Give It Up
Put your own life in order by donating some of it to others.
By Masha Gutkin
On New Year's Day you vowed, perhaps as you penned a check to Martha Stewart Living, that this year you'd keep house like a real-world Mrs. Cleaver. And yet now March has rolled around, and dishes from your Mardi Gras hurrah still languish in your sink. Gazing, chin in hand, at the formidable mess, a little existential angst about the state of things assails you.
Here's a thought—keep your larger house clean: take care of your community, your city, or your planet by volunteering. There's no need to point out to the altruists among us that volunteering helps others. But even the more self-serving should be alert to numerous studies showing that people who volunteer are happier, live longer, and are healthier than the rest of the human race. Whatever you want to do, from helping gay folk to digging in at a community beach cleanup, you're helping yourself, too.
Volunteering can be a flexible commitment. Around the holidays you and your coworkers might lend a hand at a soup kitchen. You could volunteer to meet once a week with a senior or a person with a disability or AIDS. Or perhaps you'll help your civic cleanup crew to beautify the streets and waterways of your neighborhood. And don't let a sectarian name (like "Jewish Family Services" or "Most Holy Redeemer") put you off from exploring an organization's volunteer opportunities. Many faith-based social service agencies do a great job serving the larger community and welcome volunteers from outside the faith.
Volunteering can be a way to connect with people if you've just moved to a new place or are going through a transition. It can give you a sense of purpose, or a way to feel like you have agency in this myopic democracy of ours.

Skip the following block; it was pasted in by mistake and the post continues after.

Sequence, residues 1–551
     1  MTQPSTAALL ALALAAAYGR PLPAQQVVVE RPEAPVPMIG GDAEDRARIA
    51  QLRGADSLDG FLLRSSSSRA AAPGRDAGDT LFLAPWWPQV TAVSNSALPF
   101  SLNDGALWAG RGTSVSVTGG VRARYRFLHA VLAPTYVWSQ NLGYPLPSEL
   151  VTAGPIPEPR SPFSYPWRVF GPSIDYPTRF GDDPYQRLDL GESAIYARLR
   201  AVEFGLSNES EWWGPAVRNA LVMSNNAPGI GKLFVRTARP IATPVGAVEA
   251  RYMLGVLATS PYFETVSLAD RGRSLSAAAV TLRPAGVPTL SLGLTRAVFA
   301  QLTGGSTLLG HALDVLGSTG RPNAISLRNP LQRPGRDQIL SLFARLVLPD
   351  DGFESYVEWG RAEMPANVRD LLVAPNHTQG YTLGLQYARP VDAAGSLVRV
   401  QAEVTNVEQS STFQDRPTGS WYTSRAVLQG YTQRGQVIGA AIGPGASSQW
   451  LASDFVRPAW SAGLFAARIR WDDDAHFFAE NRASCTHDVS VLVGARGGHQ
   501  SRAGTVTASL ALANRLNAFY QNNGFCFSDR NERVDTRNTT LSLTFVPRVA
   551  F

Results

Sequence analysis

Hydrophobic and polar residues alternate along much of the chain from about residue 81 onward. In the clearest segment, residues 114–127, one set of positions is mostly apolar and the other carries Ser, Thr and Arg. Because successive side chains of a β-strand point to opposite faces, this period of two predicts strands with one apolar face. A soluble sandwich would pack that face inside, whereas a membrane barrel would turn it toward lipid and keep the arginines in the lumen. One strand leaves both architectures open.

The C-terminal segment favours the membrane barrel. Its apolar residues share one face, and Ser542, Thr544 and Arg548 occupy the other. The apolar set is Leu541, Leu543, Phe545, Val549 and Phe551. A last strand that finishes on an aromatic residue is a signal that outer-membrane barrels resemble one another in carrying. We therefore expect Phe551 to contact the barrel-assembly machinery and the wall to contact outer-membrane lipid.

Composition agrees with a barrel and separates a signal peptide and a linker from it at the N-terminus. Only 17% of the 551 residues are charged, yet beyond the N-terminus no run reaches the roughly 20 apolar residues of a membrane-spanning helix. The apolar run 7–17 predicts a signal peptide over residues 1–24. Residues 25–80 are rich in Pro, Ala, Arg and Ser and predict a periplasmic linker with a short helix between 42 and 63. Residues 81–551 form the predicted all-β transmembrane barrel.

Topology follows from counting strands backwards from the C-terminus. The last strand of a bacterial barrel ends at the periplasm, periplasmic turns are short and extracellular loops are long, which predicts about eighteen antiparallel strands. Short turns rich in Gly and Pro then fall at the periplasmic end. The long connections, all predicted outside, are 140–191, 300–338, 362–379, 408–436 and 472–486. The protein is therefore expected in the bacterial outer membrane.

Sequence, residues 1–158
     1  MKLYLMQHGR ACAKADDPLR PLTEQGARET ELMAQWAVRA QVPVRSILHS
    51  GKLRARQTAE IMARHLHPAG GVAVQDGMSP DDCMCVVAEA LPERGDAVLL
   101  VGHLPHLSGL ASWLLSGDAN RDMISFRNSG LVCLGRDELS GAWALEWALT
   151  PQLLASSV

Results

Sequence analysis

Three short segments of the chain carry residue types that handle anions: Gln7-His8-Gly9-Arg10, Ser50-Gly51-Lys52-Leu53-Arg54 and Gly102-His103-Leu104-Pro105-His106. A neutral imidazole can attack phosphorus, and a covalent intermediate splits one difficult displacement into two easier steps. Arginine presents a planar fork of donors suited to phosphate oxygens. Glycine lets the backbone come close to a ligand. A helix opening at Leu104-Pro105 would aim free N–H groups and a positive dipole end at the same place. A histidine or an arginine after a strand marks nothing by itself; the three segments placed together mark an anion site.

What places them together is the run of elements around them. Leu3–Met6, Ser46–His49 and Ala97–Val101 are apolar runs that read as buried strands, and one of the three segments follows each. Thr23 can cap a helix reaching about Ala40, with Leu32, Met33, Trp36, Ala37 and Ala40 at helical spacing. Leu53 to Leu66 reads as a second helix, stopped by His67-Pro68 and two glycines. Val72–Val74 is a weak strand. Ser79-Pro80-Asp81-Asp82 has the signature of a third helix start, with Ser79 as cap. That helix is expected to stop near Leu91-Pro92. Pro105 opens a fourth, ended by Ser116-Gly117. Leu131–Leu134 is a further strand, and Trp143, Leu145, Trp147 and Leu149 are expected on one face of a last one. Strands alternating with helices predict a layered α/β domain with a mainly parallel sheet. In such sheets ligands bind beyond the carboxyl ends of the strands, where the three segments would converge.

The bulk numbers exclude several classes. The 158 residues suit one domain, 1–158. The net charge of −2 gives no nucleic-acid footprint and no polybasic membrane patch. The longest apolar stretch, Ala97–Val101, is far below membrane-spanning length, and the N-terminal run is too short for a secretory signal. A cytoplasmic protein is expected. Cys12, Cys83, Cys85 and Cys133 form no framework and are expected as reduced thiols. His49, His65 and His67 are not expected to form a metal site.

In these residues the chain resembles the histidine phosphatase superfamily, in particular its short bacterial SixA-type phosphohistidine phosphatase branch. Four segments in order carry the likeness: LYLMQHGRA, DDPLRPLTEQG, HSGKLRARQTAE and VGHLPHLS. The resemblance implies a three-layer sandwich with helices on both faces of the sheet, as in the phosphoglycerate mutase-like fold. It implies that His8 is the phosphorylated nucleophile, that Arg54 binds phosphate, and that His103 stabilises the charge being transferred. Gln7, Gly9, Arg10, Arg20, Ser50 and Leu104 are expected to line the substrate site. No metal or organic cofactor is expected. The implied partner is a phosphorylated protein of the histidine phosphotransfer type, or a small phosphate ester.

Virtual activism for social change is also a kind of volunteering, and you can do it from your desk chair. Many of us get emails from Moveon.org, True Majority, or Act For Change, which keep us informed and offer various opportunities to express our e-voices on behalf of social and environmental causes. There are a number of ways to be an internet activist around issues that are specific to the queer and lesbian community, too (see below). Many gay organizations offer online tools that will let you know when you need to speak up or mobilize your community around an issue crucial to queer rights. Also, don't forget to check out your nearest gay center or queer activist organization for a virtual or material opportunity that's right for you.
These days you can volunteer from your desk chair.www.volunteermatch.org
This sophisticated site allows you to calculate what, where, when, and with whom you'd like to volunteer.
Find opportunities to volunteer locally and internationally for social and environmental concerns.
The National Association of Lesbian, Gay, Bisexual and Transgender Community Centers offers links to queer centers nationwide.
The Human Rights Campaign's website features grassroots and internet activism opportunities.
COLAGE (Children of Lesbians and Gays Everywhere) improves the lives of children of queers. The website shows opportunities to participate in local chapters; or, start a chapter near you.
Participate in the "Monitor and Mobilize" program organized by GLAAD (Gay and Lesbian Alliance Against Defamation) and help stop defamation of gays in the media.
Are you an attorney? Join Lambda Legal's cooperating attorney network or find internet activism opportunities on the website.
Since 1973 The National Gay and Lesbian Task Force has worked for equality for queers since 1973 and provided training for activists.
The American Civil Liberties Union's website contains resources for internet activism and volunteer opportunities for attorneys.
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